Apparently children don't need them because they are their parents' responsibility, which I couldn't quite understand and am not sure if it is legally accurate either.
  • KiblamsKiblams Posts: 2,423
    Can't comment on Swinley, but this does seem to be an issue with official trail centres in the midlands. :?
  • You're not alone here. Some months ago I was at Innerleithen with a few friends. We were happily blasting down the DOWNHILL course when we rounded a berm to find a man in his thirties and his elderly father walking UP the downhill course!

    By pure luck we managed to avoid a collision, but verbals were exchanged, with the man in his thirties becoming quite belligerent and aggressive, even after we'd pointed out how f*cking stupid they'd been. A heavy DH bike plowing into an old man at speed could easily have killed him or at least put him in hospital.
  • On officially sanctioned and posted MTB trails I certainly sympathise (walking up the innerleithing DH track is about as sensible as crossing the M8 on foot) but on trails that are "just there" everyone needs to watch out and beware that the trails are shared use and those runners that irritate so have (sadly) exactly as much right to be there as anyone else and in many cases more right (in the case of a trail that is not a bridleway but where a blind eye is turned; what is the formal situation in Swinley?).

    The upshot of a crash involving a bike and a ped on a trail that was not sanctioned and posted as a mtb only trail would be clear; the biker would be blamed and accused (probably correctly) of not being in control of his/her bike.

    Sounds like Swinley is getting busy enough that some local petitioning for mtb specific routes may be called for.
    Everything in moderation ... except beer
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    If riding an XC race bike is like touching the trail,
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  • Swinley's bike trails are just that. They are generally specific routes cut into the woodland for biking - some are a lot more specifically built than others with hardcore and dirt packed surfaces, berms and jumps others are a bit more like natural trails. There is also a mtb skills area marked out although a lot of people ride outside that area as well since some of the good longer loops go out of there.

    I rode there yesterday and nearly ran into a biker climbing a patently down hill oriented run (with the berms and the jumps) luckily for us both there was a wider part and a decent bit of visability where I met him.
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  • mac_manmac_man Posts: 918
    You're not alone here. Some months ago I was at Innerleithen with a few friends. We were happily blasting down the DOWNHILL course when we rounded a berm to find a man in his thirties and his elderly father walking UP the downhill course!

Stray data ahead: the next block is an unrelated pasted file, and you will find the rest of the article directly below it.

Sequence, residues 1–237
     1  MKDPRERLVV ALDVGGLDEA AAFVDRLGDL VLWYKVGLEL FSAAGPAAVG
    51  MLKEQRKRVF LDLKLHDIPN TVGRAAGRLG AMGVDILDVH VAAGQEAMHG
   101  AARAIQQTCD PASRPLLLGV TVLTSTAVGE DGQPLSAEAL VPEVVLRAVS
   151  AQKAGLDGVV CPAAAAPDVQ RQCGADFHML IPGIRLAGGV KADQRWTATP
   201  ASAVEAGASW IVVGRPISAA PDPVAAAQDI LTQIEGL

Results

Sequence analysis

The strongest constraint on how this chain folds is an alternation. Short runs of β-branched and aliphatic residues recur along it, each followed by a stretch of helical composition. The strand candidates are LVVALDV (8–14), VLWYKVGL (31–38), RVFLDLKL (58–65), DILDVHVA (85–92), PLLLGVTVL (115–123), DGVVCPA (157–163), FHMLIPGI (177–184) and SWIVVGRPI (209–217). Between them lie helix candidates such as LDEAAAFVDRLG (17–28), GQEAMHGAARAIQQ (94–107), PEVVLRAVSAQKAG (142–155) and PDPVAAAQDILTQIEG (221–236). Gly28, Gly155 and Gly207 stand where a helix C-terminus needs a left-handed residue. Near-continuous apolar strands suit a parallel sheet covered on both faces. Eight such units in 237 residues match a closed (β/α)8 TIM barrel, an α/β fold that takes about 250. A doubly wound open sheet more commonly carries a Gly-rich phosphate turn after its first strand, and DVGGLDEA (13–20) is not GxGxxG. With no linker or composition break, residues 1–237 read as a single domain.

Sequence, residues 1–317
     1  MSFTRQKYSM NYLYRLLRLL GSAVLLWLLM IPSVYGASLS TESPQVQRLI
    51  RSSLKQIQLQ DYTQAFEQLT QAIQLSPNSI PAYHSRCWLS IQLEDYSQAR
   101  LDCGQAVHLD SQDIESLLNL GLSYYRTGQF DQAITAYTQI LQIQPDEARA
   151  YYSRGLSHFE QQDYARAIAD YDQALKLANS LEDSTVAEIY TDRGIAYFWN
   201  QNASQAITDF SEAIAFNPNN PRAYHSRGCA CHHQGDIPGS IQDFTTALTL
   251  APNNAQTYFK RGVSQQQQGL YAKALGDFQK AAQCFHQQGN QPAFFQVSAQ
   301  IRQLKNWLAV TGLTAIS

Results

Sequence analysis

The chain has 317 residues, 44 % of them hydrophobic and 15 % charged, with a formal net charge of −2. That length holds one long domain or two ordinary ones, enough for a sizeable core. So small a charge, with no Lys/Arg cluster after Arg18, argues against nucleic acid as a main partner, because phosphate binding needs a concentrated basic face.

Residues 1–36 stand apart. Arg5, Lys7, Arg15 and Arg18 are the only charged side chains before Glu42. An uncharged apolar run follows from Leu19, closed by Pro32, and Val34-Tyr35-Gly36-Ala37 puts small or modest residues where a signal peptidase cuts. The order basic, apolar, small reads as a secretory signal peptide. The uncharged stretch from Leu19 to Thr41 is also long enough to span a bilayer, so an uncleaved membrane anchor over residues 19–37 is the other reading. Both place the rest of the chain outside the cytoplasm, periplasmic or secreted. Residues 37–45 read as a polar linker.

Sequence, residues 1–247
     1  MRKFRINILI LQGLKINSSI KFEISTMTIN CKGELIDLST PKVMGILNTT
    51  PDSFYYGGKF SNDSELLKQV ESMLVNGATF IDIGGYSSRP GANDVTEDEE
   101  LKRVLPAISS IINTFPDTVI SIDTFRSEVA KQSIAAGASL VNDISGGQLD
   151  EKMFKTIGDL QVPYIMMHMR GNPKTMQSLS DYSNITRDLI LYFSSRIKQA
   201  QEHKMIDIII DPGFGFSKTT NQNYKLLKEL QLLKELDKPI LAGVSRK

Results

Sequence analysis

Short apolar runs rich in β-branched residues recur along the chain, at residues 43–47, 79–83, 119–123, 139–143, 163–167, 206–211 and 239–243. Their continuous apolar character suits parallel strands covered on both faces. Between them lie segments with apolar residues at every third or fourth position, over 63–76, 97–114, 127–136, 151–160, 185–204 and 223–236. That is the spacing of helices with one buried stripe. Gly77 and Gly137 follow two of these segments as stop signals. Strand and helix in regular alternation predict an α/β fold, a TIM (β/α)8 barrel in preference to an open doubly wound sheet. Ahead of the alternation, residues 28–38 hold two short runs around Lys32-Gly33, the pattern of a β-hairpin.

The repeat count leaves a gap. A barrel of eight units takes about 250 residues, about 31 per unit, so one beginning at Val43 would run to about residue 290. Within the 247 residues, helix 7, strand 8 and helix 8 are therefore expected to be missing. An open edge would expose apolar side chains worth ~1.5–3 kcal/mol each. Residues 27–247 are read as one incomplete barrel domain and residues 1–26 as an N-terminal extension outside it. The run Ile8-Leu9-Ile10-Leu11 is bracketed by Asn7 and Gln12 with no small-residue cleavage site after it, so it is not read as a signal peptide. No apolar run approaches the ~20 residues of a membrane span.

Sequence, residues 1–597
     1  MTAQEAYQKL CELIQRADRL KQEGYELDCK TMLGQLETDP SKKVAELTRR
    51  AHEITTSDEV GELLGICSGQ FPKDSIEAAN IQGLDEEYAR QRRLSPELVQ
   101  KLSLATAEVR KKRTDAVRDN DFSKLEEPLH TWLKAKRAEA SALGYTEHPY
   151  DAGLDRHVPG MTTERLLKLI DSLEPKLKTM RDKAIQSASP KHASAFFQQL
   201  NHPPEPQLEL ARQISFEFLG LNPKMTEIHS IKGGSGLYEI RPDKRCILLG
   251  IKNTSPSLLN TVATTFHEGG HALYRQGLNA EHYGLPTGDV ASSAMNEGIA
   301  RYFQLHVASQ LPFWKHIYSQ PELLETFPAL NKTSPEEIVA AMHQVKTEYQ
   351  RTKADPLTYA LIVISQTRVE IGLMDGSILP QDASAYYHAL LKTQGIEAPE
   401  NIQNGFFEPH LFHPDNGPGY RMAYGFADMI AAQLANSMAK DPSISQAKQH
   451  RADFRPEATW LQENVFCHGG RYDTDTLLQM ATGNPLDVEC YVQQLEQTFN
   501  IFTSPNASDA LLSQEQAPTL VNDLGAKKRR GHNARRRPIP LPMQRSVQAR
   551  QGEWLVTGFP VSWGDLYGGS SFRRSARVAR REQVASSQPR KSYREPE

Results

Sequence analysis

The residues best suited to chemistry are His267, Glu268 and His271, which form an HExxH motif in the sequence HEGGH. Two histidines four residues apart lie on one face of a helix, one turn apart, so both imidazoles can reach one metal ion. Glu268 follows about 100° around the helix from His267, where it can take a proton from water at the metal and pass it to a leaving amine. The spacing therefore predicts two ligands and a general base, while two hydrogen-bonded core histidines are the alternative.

By pure luck we managed to avoid a collision, but verbals were exchanged, with the man in his thirties becoming quite belligerent and aggressive, even after we'd pointed out how f*cking stupid they'd been. A heavy DH bike plowing into an old man at speed could easily have killed him or at least put him in hospital.

    No accounting for the stupidity of some people. :roll:
    That could have been a VERY nasty accident. Flying down a hill on 30+ pounds of bike you'd have colossal kinetic energy. Hitting someone head on at speeds of 20-30mph (or more) just doesn't bear thinking about.

    Did they just carry on their merry way or did they have the good sense to get off the trail?

    They are probably the same people who hog the middle lane at 55mph on the motorway :x
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  • yeah, but my question is; is this formal or do peds also have right of way on these trails? It's the unusual case where bikes are the *only* ones allowed and all others are excluded. They do exist in trail centres, but it's not the norm (and actually I don't understand the access mechanism, but I suppose it's because FC land is technically "private"). Anywhere else, no matter how the trail is built, you have to share based on the formal rights of way (which, btw, give horses and peds priority over bikes)

    it seems that the legal status of the Swinley trails is unclear, at least to folks on this forum. If they are formally "Bike only" then it is reasonable to officially mark them as such, then the runners can censored off somewhere else but without that you have no rights to restrict them, from what I see.

    If you want to judge based on what a trail "looks like" (ie; it's got jumps and berms, so it's clearly a bike trail) then, by the same token, we would have to agree with car drivers that want us off their roads because they are so obviously built for cars....
    Everything in moderation ... except beer
    Beer in moderation ... is a waste of beer

    If riding an XC race bike is like touching the trail,
    then riding a rigid singlespeed is like licking it
    ... or being punched by it, depending on the day